In terms of reflecting back, I've been involved in getting in the debates, not getting in the debates, rules changing, debates disappearing, and so on, for a decade. I'm just wondering whether you would agree with Tony Burman that the parties negotiate, but the larger parties have systematically operated to exclude smaller parties from access to the room where the negotiations happen.
If you would like me to respond to that—
Mr. John Nater: Please do.
Mr. Troy Reeb: —there was lots to criticize in the production of several of those debates.
However, the bottom line comes down to, I'm not going to flip the switch and put on to our network a product that we're not familiar with. If someone hands you a sandwich on the street, you might be hungry but you're probably not going to take a bite if it's a strange sandwich suddenly coming to you.
That was the choice we were being offered, to basically open the switch and take a product from the Munk centre or from Rogers—“Hey, put this on your airwaves”—for which you have accountability for that broadcast.
We answer to the Canadian Broadcasting Standards Council, to the CRTC. We're not prepared to do that. We weren't prepared to do it then. I wouldn't necessarily be prepared to do it if it was the CBC that was putting on its own product as well.
We want to have a voice and we want to have an understanding of what that product is going to be.
It is my pleasure to assist the committee in its study of the creation of an independent commission responsible for leaders' debates.
I have been following the proceedings of the committee and am pleased to provide input from the perspective of Elections Canada. My remarks will briefly touch on the objectives that, in my view, should inform the creation of an independent commission, or commissioner, for regulating leaders' debates. I will also outline a number of considerations respecting how such an entity could be structured and function, should the committee choose to recommend one.
There are several models internationally for leaders' debates, including regulation through an independent public commission. But, before looking at a particular design, it is important, in my view, to look at the objectives that may lead this committee to recommend the creation of a commission and that, if it does, may determine the mandate and certain features of the commission's structure.
For my part, I would suggest the following three objectives that directly contribute to a fair and open electoral process. Clearly, these concerns are my own.
First, debates should be organized in a manner that is fair, non-partisan and transparent.
Second, debates should be broadly accessible to the public. For example, they should be presented in a format that is available to the largest possible audience, including persons with disabilities.
Third, debates should contribute to informing the electorate of the range of political options they have to choose from.
There are three considerations to be taken into account in establishing an independent commission, or a commissioner. First, there is the matter of the criteria for inclusion in the debates. You know that one of the most important and contentious issues with regard to leaders' debates is who is included. Everyone is aware that this question has given rise to significant controversy over the years. In my view, an independent commission should not be mired in controversies regarding inclusion, especially in the middle of an election campaign. For that reason, the criteria for inclusion in the debates must be clear, and should allow for no or very little residual discretion by the commission. The criteria may allow for a range of factors. I know that, last week, witnesses came before the committee to talk about a range of factors. I am specifically thinking about Mr. Fox, who talked about a basket of criteria. The criteria could allow for a good deal of flexibility, for example, to allow for the participation of emerging parties.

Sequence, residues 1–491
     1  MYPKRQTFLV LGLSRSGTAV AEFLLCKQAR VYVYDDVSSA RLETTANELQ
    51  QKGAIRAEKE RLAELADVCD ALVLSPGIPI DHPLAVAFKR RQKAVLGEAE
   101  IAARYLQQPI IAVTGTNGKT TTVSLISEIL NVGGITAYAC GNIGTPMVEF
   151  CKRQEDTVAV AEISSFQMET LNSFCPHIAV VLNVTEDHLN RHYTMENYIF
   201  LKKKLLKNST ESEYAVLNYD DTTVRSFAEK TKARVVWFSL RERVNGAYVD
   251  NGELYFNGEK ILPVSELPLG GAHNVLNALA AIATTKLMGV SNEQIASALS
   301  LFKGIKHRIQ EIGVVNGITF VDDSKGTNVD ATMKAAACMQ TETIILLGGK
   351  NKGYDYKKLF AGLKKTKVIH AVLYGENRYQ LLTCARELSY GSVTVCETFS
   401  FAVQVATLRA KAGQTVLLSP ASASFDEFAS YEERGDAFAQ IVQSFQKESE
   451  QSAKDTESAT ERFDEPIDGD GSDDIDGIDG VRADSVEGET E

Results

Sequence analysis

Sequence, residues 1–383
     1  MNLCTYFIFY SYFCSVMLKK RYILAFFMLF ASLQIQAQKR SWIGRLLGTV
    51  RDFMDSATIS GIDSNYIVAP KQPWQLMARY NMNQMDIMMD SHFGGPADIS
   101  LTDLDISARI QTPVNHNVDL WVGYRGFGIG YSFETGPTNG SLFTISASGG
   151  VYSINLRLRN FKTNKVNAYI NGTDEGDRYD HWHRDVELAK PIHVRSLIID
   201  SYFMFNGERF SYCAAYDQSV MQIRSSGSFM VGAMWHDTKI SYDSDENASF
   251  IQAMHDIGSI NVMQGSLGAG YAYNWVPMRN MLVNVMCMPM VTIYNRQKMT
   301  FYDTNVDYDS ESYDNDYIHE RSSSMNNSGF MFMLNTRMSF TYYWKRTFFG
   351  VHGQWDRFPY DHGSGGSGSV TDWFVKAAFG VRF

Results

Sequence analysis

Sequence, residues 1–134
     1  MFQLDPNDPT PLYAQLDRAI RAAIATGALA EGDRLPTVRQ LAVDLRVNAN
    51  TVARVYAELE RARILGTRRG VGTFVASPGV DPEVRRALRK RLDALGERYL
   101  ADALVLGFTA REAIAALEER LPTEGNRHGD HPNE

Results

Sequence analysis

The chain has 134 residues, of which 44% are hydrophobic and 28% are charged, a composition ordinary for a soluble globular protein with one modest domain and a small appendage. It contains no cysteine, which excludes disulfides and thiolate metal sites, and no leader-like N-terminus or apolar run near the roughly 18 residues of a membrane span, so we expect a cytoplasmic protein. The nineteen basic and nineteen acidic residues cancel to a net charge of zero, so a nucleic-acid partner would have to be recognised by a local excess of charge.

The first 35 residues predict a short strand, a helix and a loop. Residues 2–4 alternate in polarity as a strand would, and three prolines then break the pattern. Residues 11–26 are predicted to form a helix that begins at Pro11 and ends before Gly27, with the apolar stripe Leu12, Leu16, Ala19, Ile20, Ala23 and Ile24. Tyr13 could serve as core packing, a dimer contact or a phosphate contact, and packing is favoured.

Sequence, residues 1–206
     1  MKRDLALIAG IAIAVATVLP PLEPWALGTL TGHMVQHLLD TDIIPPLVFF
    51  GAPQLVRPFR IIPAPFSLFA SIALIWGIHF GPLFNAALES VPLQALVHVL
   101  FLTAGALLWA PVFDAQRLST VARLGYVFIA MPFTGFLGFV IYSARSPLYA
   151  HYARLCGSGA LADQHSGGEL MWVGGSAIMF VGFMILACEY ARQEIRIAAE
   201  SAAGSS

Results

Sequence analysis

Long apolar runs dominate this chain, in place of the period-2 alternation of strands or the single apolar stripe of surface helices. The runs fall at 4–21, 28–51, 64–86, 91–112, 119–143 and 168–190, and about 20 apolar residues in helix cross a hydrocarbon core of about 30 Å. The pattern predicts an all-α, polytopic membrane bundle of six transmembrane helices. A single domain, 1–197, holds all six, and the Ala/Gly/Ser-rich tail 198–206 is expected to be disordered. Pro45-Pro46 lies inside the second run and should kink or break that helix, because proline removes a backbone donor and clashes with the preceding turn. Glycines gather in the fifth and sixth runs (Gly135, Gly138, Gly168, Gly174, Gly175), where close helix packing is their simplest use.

But the criteria should be such that their application by the commission should be straightforward, if not mechanical. It is important to keep in mind that, to date, challenges to leaders' debates under the Canadian Charter of Rights and Freedoms have failed on the basis that they were essentially private events not subject to charter scrutiny.
If a commission were created to regulate the debates. and more specifically participation in the debates, the commission would be subject to the Canadian charter without doubt.
I recognize that it is difficult to draw the line regarded regarding inclusion in leaders' debates. For this very reason, I feel that it is important for parliamentarians to establish the appropriate criteria rather than the commission. I feel that the commission must apply criteria that are flexible, but that provide no room for discretion.
The second point regards the format and content of debates. While I believe the criteria for inclusion should leave little to no discretion to a commission, I see no reason that it could not have broad latitude in shaping the format and editorial aspects of the debates, subject only to the overarching objectives that I highlighted at the beginning of my remarks.
In terms of the format, as we know, the media landscape is in constant evolution, in particular with respect to social media. The commission should have the latitude to adjust with the industry and to take advantage of the opportunities.
In deciding the format, however, the equality of French and English must be respected and promoted. The broadcasting of the debates should also ensure access for people with disabilities. This means providing closed-captioning, sign language, accessible web design, or other means of facilitating access for persons with specific disabilities.
In dealing with both the content and format of the debates, an independent commission or commissioner could be required to receive input from participants and other stakeholders. It could also, and I believe this is important, be required to report to Parliament after the election to ensure transparency in its decision-making.